Waldorf Word Salad

This is getting silly. Yesterday I got mail from a company calling itself HomeAdvisor Inc. in Waldorf, Maryland, addressing me as Davida and thanking me for choosing it for my project involving a heat pump service. (No comments, please, Facebook already supplies me with all the innuendo I need.)

Today it seems we’ve moved on from warm plimsolls to additional services. No, not that sort of service: bathroom remodeling, furnace installation, and so on. Well, perhaps I would benefit from having my exterior repainted. However…

While my wife assures me that I will be considering certain home improvements in the near future, I shan’t be offering work to a company 3,547 miles away that seems to think spam is an acceptable component of a Waldorf salad. I can’t speak for Davida, my evil twin, however. Especially as she is now demanding her own blog.

David Harley

Can the Can, or Arbitrage Outrage

Mostly I ignore spam – I just see too much of it. Occasionally I write about it, especially if it’s technically interesting or a fraud potentially effective enough to deserve a warning to the community. (To some extent, of course, all spam – as opposed to junk mail – is fraudulent.)

This is slightly different. It’s just funny. At least, this bit is:

“We also offer cost arbitrage opportunity wherein we can your backend arm and help you save your delivery cost.”

I can’t think why they think I’d be attracted by an offer to can my backend arm.

Now that’s a mental image I’d quite like to unsee.

David Harley
Small Blue-Green World

Online booking: how to annoy a grumpy old man

A couple of times recently I’ve been blessed with email from a site that specializes in finding hotel bookings. I use it almost exclusively for finding somewhere to stay in the UK on the rare occasions when I attend a conference or similar event in this country, or need an airport hotel when I have an early flight somewhere. While I like the part of the world I live in, it’s far enough off the beaten track to make it unwise to rely on public transport in order to get to distant parts of the country early-ish in the morning.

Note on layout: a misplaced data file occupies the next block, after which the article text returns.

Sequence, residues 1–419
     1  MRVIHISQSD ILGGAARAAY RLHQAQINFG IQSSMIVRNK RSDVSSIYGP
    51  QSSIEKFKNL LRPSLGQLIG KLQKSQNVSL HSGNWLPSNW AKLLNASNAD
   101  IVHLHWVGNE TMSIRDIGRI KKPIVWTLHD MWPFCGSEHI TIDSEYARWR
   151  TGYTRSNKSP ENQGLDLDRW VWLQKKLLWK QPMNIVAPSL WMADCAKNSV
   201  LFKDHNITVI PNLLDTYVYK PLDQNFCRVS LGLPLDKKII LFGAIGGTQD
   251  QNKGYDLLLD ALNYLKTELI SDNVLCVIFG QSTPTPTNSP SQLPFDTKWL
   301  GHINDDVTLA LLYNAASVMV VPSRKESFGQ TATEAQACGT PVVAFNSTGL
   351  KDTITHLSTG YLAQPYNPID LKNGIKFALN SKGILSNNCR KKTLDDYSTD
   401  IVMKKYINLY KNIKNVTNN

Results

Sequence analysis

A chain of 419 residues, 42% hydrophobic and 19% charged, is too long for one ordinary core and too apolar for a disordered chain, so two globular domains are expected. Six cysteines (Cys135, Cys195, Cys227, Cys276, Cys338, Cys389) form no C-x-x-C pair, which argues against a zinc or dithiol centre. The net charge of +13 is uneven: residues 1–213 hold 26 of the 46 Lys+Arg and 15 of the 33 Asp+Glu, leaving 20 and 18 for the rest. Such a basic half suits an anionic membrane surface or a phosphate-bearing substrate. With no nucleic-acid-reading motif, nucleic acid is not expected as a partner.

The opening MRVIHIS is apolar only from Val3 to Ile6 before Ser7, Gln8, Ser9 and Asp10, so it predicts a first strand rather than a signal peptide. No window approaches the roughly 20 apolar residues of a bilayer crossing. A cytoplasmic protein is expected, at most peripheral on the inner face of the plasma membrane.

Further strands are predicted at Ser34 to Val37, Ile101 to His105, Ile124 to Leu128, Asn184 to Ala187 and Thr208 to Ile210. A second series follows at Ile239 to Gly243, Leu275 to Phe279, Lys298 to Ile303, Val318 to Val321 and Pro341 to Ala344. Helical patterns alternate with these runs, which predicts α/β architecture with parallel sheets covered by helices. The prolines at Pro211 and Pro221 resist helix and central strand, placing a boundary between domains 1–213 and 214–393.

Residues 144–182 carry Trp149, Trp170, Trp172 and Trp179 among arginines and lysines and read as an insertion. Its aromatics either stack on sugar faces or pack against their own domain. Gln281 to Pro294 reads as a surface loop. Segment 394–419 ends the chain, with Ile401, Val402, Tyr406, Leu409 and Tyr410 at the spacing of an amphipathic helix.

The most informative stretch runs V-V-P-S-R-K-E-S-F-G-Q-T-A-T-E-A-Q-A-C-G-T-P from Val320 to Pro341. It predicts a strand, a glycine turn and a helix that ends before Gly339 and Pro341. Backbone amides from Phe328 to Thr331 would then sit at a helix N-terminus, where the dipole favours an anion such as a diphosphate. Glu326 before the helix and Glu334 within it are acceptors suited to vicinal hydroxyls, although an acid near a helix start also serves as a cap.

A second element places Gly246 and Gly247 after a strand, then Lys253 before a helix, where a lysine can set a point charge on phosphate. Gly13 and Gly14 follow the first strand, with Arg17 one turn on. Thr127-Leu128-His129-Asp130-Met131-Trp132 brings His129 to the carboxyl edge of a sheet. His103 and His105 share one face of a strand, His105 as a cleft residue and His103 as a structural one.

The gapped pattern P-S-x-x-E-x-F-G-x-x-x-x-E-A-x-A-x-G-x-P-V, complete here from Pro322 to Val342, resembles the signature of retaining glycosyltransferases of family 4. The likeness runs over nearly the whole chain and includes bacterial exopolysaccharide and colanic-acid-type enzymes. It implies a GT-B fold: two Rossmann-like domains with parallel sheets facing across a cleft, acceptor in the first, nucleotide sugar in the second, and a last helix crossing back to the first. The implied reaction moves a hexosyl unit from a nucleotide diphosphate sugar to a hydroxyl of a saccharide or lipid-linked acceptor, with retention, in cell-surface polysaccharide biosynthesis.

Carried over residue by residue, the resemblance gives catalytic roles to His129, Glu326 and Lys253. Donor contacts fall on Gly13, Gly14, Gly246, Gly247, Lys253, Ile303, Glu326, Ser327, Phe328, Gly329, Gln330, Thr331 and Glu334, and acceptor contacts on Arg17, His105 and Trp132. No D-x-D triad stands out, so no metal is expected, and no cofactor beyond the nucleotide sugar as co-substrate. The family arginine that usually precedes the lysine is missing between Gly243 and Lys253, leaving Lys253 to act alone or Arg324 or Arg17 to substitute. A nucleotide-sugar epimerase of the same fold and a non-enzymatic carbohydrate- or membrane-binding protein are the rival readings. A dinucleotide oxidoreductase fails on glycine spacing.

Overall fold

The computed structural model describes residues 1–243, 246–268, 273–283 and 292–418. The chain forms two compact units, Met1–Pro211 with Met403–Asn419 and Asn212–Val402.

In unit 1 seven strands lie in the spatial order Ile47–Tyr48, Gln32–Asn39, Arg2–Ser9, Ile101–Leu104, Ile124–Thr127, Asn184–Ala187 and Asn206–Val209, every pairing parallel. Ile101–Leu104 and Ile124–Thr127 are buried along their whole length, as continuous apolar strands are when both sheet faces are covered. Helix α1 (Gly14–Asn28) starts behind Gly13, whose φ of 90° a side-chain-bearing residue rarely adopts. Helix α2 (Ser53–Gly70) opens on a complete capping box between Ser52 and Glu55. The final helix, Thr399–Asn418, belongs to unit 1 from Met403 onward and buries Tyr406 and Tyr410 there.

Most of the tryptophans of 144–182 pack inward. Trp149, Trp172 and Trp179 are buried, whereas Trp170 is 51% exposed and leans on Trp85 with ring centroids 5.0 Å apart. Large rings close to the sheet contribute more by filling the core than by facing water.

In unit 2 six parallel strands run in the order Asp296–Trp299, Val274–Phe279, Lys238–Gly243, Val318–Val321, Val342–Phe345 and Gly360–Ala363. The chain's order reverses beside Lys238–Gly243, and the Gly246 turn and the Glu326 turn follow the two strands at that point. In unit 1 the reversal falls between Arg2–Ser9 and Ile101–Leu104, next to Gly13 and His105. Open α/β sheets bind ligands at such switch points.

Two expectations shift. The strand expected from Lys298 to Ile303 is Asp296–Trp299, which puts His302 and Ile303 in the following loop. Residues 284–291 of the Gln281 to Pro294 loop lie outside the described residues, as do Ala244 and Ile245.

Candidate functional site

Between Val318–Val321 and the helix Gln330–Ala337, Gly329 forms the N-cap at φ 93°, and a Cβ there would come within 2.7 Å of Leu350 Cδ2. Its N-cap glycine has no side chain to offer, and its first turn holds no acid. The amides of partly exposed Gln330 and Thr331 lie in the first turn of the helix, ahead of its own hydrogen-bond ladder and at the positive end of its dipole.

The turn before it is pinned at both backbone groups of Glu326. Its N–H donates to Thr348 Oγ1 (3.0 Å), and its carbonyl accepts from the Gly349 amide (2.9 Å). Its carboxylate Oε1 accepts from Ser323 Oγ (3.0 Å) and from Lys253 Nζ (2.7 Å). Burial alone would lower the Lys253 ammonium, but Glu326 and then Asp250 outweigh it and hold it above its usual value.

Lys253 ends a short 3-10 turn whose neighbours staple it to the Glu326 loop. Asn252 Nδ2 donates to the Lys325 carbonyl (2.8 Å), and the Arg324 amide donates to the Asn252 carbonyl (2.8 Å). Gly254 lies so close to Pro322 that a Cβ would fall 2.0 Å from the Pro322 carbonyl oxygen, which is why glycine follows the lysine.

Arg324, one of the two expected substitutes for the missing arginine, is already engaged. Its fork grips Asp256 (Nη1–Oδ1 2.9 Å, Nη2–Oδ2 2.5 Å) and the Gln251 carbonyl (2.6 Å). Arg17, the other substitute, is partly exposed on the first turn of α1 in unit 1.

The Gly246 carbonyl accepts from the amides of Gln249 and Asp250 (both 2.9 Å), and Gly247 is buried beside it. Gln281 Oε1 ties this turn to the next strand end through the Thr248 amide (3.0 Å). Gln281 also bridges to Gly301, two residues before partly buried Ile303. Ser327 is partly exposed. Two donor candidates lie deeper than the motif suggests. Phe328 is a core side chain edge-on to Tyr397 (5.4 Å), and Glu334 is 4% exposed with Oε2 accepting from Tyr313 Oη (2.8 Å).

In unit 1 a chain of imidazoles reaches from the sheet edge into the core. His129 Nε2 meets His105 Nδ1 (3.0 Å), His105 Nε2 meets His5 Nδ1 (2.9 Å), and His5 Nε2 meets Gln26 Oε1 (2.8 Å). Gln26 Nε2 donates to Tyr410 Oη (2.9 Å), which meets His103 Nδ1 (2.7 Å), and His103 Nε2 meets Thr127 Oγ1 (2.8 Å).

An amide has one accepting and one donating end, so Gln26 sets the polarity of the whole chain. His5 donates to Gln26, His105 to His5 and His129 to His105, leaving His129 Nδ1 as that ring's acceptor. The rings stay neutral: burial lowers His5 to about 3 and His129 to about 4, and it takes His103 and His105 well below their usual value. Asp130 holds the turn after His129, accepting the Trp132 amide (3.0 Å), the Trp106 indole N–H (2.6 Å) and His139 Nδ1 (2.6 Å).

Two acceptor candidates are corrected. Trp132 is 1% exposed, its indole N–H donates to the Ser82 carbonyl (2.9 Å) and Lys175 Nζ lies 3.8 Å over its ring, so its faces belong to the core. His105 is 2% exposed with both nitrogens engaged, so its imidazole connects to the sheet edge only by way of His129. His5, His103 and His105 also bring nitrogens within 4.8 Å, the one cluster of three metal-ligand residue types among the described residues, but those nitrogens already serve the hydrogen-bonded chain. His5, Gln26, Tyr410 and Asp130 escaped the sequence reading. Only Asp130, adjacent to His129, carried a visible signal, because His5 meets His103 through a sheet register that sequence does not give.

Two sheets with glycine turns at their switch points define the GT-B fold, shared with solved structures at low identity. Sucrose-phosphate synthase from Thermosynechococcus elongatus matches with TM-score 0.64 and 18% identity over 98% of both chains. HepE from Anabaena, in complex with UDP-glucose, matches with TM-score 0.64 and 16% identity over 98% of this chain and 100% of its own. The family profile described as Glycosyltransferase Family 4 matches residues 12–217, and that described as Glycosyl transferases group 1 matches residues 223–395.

The email tells me that ‘Our team of travel scientists have thought long and hard about your next holiday. Based on your past adventures, they think you have a passion for …’ shopping, monuments and culturally diverse food. Apparently, based on bookings I’ve made through them, they think I might like to endorse all sorts of places. Mostly, places I’ve never considered booking a hotel, like Dudley, Wolverhampton, Blackpool, and Stratford-upon-Avon. Plus one or two that I have stayed in because they have conferences (London) or airports (Birmingham, Manchester). And, of course, Bickenhill.

Bickenhill? Where the heck is that? Well, it turns out to be a place I’ve been to quite often without knowing it, since it’s close to the perimeter of Birmingham airport and has lots of hotels, one of which I’ve stayed in from time to time on my way to various exotic places. Usually for conferences. I can’t say I know Bickenhill, though, as all I’ve ever done there is commute between Birmingham International station, a hotel, and the airport. So I looked it up on Wikipedia to see what it says about the shopping, monuments and food. Apparently, it’s a very small village with nothing much to focus on apart from the Airport/NEC complex. The nearest thing to a mention of a monument  is the description of the runway lights attached to the steeple to avoid aeroplane collisions. I’ve no information regarding shopping or food, but presumably some of those hotels – or possibly all 19 – can supply those services.